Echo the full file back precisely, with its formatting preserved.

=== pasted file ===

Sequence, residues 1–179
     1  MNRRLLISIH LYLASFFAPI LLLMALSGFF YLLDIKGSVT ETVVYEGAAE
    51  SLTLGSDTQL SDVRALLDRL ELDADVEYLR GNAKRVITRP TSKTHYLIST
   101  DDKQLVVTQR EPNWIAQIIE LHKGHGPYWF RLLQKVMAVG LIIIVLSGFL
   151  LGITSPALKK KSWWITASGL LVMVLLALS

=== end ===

Sequence, residues 1–179
     1  MNRRLLISIH LYLASFFAPI LLLMALSGFF YLLDIKGSVT ETVVYEGAAE
    51  SLTLGSDTQL SDVRALLDRL ELDADVEYLR GNAKRVITRP TSKTHYLIST
   101  DDKQLVVTQR EPNWIAQIIE LHKGHGPYWF RLLQKVMAVG LIIIVLSGFL
   151  LGITSPALKK KSWWITASGL LVMVLLALS